CI/CD Pipeline Workflow

The three processes input something and produce a product. It may not be obvious to everyone what these “Code” actions do for getting to the final stage of the software product. Let me expand on the idea. Code improvement is a process that involves developing, reviewing, editing, storing, and retrieving. It can also require the need to manage track changes in the form of versions in case older changes need recovery. This may be an action taken to return the code to the last time the source had no errors or was considered stable.

A tool that provides source change management (SCM) capabilities is what is needed to fulfill the Improve Code process. A common solution is the use of GitHub with Git commands. These commands are used to manage tracking and movement of source code between local and remote repositories.

Code integration and deployment processes are engaged each time code modifications are implemented. Some code must be compiled to become an executable, and some code is packaged. There may be scripts that must be executed to run tests, while input files are processed for configuration purposes or data population.

The final product is released for use internally to a company or externally for business purposes. These processes can include one or more tools to complete necessary actions that generate a result or product. The result or product becomes input to a subsequent process until product release.


Pipelines are jobs in Jenkins that are enabled by the Pipeline plugin and built with simple text scripts that use a Pipeline based on the Groovy programming language. There are also plugins that are available to support the use of certain performance test products. For instance, here are some performance test products that use plugins to interface with Jenkins:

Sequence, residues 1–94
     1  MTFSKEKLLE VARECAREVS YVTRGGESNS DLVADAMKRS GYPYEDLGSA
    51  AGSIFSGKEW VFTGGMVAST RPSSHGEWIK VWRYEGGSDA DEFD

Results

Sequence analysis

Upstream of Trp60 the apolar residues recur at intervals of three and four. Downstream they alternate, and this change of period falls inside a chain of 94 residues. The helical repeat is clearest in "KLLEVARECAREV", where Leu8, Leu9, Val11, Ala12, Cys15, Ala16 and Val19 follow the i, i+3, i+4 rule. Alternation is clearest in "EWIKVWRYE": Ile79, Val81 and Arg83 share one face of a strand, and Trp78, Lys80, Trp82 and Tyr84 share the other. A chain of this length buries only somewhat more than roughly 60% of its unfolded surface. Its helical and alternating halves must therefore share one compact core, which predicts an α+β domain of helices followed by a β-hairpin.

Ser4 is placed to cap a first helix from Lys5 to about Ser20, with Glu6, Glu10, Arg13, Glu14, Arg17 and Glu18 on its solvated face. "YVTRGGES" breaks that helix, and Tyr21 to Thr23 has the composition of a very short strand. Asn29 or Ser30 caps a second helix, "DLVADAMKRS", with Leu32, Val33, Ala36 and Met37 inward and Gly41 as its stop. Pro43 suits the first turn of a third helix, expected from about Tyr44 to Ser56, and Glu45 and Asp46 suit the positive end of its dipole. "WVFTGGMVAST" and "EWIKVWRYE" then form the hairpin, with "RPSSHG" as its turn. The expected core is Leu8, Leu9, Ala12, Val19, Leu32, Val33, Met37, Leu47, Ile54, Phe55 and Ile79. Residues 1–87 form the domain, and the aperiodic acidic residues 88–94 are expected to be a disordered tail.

Jenkins is a tool that enables trigger-based, scheduled-based, or immediate execution of a series of tasks. It forms projects involving steps and post-build actions and is known as a repeatable build job. It limits the types of actions you can perform in a build step or post-build action. Jenkins is comprised of several types of projects. The most common are known as freestyle project, Maven, and Pipeline. Plugins are associated to these projects to assist with the success of each project type.

The diagram below is intended to identify a Jenkins Pipeline workflow. Four major steps are included: Build, Configure, Test, and Deploy. The Build steps are focused on the application execution components and application data environment. Here programs are compiled if necessary. And databases are populated with necessary data to create the necessary test volume. The Configure steps might include application and test settings to control the execution environment. The Test steps should include test processes that conduct quality assurance for the target application. If the results are positive, then the Deployment steps execute tasks that release the updated application software to one or more target environments.

Jenkins Pipeline Workflow


I plan to create a video on this subject. The video should help with product installations, project setup and execution so that you have a start-up guide.

Here are some references that you should find helpful: